Royal Navy spent £39m fixing and maintaining leaky aircraft carriers HMS Queen Elizabeth and HMS Prince of Wales
DEFENCE chiefs have spent £39m fixing up and maintaining the Royal Navy’s two leaky aircraft carriers over the past year, it can be revealed.
The news followed a series of embarrassing gaffs on both of the navy’s new 65,000-tonne supercarriers, HMS Queen Elizabeth and HMS Prince of Wales.
In October, the newest carrier Prince of Wales suffered its second leak of the year, with water flooding an engine room and causing millions of pounds worth of damage.
The 920ft warship is now expected to be stranded in Portsmouth until May while engineers fix the damage.
HMS Queen Elizabeth was hit by her own flood in July 2019, when water from a ruptured pipe gushed out into the £3.2bn ship, rising to ‘neck height’ in some compartments.
Now defence minister Jeremy Quin, who is in charge of buying all of Britain’s military hardware, has broken down the repair bill – and revealed how much it has cost to maintain both ships over 2020.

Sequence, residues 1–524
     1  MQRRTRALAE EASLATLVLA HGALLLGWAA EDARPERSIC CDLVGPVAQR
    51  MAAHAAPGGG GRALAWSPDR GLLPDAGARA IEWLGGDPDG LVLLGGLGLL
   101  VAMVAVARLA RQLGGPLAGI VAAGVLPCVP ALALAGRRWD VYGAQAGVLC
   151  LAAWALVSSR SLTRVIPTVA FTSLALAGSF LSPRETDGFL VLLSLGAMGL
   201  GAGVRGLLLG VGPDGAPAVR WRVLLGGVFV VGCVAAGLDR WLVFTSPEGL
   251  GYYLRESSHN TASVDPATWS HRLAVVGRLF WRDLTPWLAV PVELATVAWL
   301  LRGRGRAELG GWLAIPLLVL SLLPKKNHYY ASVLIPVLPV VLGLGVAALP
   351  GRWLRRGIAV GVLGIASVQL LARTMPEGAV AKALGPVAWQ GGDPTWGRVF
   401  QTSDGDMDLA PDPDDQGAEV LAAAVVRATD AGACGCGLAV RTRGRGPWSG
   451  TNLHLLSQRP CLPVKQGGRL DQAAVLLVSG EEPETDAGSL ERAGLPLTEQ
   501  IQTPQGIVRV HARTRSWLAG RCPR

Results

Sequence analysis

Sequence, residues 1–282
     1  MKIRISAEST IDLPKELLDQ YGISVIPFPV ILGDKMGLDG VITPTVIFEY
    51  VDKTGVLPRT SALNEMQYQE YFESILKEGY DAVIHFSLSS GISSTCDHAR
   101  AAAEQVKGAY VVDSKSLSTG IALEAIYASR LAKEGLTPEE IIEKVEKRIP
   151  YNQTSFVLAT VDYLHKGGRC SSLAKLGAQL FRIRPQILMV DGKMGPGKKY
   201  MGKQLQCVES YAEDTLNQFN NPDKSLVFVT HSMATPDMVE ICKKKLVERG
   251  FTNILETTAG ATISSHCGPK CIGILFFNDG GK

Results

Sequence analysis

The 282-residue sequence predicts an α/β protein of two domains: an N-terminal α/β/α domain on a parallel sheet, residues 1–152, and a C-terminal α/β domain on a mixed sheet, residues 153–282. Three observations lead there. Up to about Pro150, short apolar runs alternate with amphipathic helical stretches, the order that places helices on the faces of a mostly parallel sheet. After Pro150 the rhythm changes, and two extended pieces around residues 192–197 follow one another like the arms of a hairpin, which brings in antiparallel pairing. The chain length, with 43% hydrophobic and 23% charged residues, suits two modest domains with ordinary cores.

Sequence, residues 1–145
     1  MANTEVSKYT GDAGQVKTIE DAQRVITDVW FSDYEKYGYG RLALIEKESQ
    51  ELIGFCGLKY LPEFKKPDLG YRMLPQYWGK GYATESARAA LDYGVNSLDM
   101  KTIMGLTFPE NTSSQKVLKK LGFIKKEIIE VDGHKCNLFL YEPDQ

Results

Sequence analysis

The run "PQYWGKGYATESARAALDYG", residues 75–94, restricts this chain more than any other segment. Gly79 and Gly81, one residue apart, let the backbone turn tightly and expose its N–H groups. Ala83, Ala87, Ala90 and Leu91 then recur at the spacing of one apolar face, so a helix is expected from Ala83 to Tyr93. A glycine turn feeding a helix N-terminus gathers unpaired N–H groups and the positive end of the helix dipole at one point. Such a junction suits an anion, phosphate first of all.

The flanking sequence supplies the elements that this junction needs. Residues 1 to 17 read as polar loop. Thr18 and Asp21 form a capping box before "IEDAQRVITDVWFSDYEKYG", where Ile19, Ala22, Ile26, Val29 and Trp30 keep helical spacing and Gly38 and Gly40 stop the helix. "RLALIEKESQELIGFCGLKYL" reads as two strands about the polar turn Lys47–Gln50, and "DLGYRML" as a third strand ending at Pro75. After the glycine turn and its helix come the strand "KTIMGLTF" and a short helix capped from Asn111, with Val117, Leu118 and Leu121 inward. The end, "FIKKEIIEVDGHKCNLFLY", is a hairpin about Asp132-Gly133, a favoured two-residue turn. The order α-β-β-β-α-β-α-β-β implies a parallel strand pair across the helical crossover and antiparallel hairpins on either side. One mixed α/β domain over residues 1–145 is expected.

It came following a probe from shadow armed forces minister and Portsmouth South MP, Stephen Morgan, who demanded what the cost to the ‘public purse’ had been.
HMS Queen Elizabeth, which went to sea twice during 2020, was the most expensive to fix up, with the maintenance bill along costing £18m.
Meanwhile, repairs to the vessel hit £3.5m – with an additional £2m to pay for ‘engineering supervision for maintenance and repair’, taking the total cost to £23.5m.
Prince of Wales’s maintenance bill accounted for £11m over the past 12 months. The amount to repair the ship was £2.5m with a supervision cost of £2m.
Mr Quin said maintenance work on both ships included the completion of safety and environmental upkeep tasks, routine repairs to flight deck coating and markings as well as funding replacement of ‘lifed items’.
He added: ‘Repair activities encompass the rectification of operational defects as and when those occur. Operational defects can vary in their categorisation and severity, covering minor ancillary components through to major defects.
‘We do not release more detailed information relating to operational defects as this would allow deductions to be made about a ship's capability and may affect operational security.’
He continued: ‘The costs of the repairs to HMS Prince of Wales as a result of the flooding incident in October 2020 will largely be accounted for in this calendar year.’